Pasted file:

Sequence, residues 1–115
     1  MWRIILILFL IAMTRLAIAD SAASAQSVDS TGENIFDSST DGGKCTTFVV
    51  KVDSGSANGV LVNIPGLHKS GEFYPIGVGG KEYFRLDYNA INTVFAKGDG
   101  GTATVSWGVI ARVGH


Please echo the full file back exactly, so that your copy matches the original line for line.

Sequence, residues 1–115
     1  MWRIILILFL IAMTRLAIAD SAASAQSVDS TGENIFDSST DGGKCTTFVV
    51  KVDSGSANGV LVNIPGLHKS GEFYPIGVGG KEYFRLDYNA INTVFAKGDG
   101  GTATVSWGVI ARVGH